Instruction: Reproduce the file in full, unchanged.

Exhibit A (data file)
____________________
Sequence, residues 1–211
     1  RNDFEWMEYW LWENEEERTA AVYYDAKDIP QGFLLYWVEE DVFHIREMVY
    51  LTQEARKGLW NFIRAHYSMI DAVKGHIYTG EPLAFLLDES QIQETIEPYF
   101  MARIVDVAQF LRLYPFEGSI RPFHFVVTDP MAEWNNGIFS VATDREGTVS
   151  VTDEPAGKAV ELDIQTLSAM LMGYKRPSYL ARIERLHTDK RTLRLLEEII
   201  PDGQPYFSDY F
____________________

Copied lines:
Sequence, residues 1–211
     1  RNDFEWMEYW LWENEEERTA AVYYDAKDIP QGFLLYWVEE DVFHIREMVY
    51  LTQEARKGLW NFIRAHYSMI DAVKGHIYTG EPLAFLLDES QIQETIEPYF
   101  MARIVDVAQF LRLYPFEGSI RPFHFVVTDP MAEWNNGIFS VATDREGTVS
   151  VTDEPAGKAV ELDIQTLSAM LMGYKRPSYL ARIERLHTDK RTLRLLEEII
   201  PDGQPYFSDY F